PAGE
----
Mapping The Best Places to Intern in the U.S.
Internships today come in a wide range of forms across various industries. They can include anything from making coffee runs to working on high-profile projects. Additionally, internships can vary from rigorous 90-hour workweeks to part-time positions.
Internship salaries can differ significantly based on the industry and location. While some internships offer full-time paid positions, others may be unpaid and solely for gaining experience.
In 2022, CashNetUSA collected data from job listings on Chegg Internships and Zippia to shed some light on the constantly evolving world of internships. They compiled a comprehensive database that includes hourly pay rates for internships categorized by state and sector to provide greater transparency.
The Highest Average Internship Salary by State
When it comes to the average internship salaries, three states in the U.S. rise above the rest. Across all 50 states, these states stand out as offering higher pay for interns.
In Washington, California, and Connecticut, interns were given an offer of over $20 per hour, which is almost $5 more than the minimum wage set in each of these states.
Internships in Wyoming, New Mexico, and Louisiana offer a pay rate of approximately $12/hour, which is comparatively lower.
Coastal states are paying more than their interior counterparts due to the difference in the cost of living. This variation in figures can be attributed to this factor.
The states with the highest average internship salary rates, which include California, New York, Connecticut, Vermont, Oregon, and Massachusetts, also happen to be the most expensive states to live in. Conversely, we also find that some of the states with the lowest-paying internships match a lower cost of living.
The internships in Washington and West Virginia offer better compensation than the average when considering the cost of living.
Sectors With the Best Paid Internships
By examining the states with the most lucrative internship compensation, it becomes apparent which industries are offering high pay to their interns.
It’s no secret that tech internships, primarily in California and Washington, offer the highest pay at $19.77. The finance sector, located predominantly in New York, comes in second at $18.10.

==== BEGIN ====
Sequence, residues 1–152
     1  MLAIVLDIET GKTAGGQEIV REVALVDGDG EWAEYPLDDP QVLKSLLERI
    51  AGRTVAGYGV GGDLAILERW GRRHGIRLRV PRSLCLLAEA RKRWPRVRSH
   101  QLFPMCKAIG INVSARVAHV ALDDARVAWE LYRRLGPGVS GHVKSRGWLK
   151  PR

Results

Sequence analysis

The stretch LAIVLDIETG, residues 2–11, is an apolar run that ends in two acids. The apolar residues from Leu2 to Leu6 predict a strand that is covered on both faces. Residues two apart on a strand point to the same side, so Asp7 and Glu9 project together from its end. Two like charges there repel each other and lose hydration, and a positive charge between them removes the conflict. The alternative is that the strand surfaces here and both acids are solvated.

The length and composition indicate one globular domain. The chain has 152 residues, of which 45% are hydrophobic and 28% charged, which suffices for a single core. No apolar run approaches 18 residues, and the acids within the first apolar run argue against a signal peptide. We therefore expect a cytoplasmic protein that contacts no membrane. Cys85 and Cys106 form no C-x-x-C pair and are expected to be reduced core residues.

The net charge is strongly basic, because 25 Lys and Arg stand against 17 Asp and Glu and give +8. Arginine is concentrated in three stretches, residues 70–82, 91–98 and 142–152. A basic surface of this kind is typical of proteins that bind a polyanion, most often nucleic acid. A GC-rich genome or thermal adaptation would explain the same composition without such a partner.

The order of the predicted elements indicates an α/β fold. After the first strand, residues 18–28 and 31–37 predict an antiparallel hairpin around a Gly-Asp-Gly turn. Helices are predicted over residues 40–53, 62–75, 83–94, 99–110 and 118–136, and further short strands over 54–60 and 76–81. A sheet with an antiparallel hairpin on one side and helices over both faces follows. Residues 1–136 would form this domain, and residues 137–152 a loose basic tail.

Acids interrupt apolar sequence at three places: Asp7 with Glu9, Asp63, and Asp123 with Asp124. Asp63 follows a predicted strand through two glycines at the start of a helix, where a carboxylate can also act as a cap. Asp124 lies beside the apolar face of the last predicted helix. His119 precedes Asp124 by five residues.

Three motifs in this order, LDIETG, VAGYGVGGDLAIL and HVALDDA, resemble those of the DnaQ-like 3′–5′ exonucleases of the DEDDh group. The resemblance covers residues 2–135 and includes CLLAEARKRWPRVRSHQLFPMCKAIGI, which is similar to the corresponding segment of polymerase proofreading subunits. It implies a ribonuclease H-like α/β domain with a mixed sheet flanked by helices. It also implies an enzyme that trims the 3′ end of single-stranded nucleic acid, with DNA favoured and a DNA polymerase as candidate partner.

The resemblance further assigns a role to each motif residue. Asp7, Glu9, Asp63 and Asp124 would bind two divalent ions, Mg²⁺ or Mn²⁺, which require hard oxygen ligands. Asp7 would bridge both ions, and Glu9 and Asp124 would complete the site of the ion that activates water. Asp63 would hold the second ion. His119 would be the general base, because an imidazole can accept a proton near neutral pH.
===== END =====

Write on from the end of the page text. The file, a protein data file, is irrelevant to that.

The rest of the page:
It’s no secret that both industries offer generous compensation packages to their employees. In contrast, government internships are notoriously low-paying, despite the prestige of working in D.C.
States with the Most Unpaid Internships
Internships don’t always come with a paycheck, and the average hourly pay doesn’t hold much weight in states where most internships are unpaid.
About one-third of internships in Delaware are unpaid, despite having a high average pay.
Almost 25% of listed internships in New York, Oregon, New Mexico, California, and New Jersey were unpaid.
On the other hand, the states situated in the outer Midwest region, like Nebraska and Colorado, have remarkably low rates of unpaid internships in comparison to other states. In the case of Kansas, even though the internship pay is low, only a mere 4.2% of internships were unpaid.
Sectors with the Most Unpaid Internships
Approximately one-third of the finance industry’s listed internships are unpaid, with no compensation or benefits offered to interns. Despite being the second-highest paying sector, finance internships are known for their rigorous demands and intense schedules. The emphasis is often placed on gaining experience, rather than monetary compensation.
Retail has the second-highest rate of unpaid internships, with nearly half the rate of the highest sector. However, the sector with the highest rate of unpaid internships is nearly twice the rate of the retail sector.
It’s worth noting that despite offering the highest hourly rate, the tech sector surprisingly ranked second-lowest in terms of unpaid internships. In fact, only the manufacturing industry had fewer unpaid internships.
According to a survey conducted by the National Association of Colleges and Employers (NACE), the majority of students revealed that taking unpaid internships had a slightly higher positive impact on networking than paid internships. However, it was also found that unpaid internships had a negative correlation with employment and salary satisfaction.
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